Why do so many more species accept cowbird eggs than eject or crush the eggs or flee to another nest site? Perhaps smaller species lack the capability to roll foreign eggs out of their nests or to destroy the intruder's eggs with their small bills. Such attempts by the smaller species might result in harm to their own eggs, so it is safer to accept the interloper than to jeopardize their clutch.
Perhaps many species have been exposed to cowbird parasitism only over the past 200 years--an insufficient time to develop effective defensive strategies. When this "evolutionary lag" catches up, more acceptors likely will become rejectors.
Many people think that the parasitism by Brown-headed Cowbirds has contributed greatly to plummeting numbers of prairie and forest species over the past several decades. How pivotal has this species been in the diminishing numbers of other species? Kirtland's Warbler gives us a glimpse of how nature and human intervention unwittingly conspire against certain species.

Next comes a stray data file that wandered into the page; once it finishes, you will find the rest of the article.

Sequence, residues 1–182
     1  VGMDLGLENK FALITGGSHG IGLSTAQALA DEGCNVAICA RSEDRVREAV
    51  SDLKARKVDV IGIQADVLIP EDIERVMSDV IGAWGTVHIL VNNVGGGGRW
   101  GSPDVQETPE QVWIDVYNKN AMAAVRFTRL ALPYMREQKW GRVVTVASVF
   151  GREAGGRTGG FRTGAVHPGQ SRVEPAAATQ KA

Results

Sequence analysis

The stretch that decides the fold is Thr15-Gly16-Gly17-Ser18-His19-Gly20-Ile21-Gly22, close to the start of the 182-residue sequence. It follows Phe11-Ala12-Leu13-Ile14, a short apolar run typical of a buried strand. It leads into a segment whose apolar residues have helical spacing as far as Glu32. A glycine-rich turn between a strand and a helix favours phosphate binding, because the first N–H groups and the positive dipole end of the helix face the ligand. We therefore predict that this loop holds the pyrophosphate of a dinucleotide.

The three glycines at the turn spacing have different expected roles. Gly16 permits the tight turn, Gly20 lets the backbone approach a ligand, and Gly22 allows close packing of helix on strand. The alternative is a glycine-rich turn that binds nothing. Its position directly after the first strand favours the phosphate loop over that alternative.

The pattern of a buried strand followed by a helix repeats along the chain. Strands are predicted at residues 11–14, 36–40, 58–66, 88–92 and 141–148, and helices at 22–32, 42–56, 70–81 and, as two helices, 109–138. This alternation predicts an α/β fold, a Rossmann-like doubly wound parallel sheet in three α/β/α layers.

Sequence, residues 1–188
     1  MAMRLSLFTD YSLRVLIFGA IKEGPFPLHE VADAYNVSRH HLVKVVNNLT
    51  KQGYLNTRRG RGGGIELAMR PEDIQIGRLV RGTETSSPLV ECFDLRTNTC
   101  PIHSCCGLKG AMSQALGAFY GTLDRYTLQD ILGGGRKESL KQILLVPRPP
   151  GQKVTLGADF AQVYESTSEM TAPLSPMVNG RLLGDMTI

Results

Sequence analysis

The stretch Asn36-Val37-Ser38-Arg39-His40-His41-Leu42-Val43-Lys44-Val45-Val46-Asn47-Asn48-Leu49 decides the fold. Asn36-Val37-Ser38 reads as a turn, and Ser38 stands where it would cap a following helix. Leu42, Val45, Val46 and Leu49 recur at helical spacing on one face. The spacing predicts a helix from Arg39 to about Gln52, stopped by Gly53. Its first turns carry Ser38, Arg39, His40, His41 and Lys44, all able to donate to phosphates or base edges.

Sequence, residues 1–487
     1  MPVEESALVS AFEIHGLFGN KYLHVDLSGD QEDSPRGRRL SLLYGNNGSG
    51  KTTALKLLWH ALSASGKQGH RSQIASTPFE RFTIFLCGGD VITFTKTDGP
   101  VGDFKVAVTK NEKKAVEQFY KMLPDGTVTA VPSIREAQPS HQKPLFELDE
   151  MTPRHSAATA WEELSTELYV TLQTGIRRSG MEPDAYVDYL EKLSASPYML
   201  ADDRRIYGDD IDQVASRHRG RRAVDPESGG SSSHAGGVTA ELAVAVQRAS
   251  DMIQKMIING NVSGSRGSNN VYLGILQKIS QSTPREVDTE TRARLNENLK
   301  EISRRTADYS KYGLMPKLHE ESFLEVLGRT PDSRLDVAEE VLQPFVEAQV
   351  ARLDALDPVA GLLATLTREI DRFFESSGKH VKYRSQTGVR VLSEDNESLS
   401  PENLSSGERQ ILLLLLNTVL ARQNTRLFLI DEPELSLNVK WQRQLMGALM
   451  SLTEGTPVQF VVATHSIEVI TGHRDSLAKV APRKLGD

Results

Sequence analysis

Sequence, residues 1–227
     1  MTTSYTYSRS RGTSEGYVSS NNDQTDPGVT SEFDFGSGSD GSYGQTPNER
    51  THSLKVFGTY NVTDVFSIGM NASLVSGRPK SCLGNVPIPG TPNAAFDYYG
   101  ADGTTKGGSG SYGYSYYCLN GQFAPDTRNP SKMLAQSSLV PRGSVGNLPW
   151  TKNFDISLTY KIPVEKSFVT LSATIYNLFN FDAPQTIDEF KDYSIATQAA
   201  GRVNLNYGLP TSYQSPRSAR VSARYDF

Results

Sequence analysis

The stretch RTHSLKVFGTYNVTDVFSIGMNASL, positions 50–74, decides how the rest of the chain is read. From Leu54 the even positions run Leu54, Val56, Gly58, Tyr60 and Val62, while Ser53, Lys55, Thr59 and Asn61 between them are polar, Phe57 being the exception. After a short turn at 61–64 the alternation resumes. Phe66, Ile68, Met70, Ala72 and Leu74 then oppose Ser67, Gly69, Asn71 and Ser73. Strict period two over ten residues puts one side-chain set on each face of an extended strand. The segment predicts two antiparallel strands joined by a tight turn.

Kirtland's Warbler, an endangered species, nests on 30,000 acres in Michigan and winters in the Caribbean Islands. Its numbers have declined steadily, and Brown-headed Cowbirds were thought to be primary culprits.
In the early 1970s, alarm among scientists stimulated a vigorous effort to control cowbird numbers. Since 1972, more than 120,000 cowbirds had been trapped and killed. During the first decade of cowbird removal, parasitism dropped to just 3.4 percent of Kirtland's Warbler nests, and three times as many warbler hatchlings survived as before the removal of the Brown-headed Cowbirds. The number of breeding pairs, however, stayed about the same--roughly 200 pairs--despite the use of aggressive anti-cowbird measures.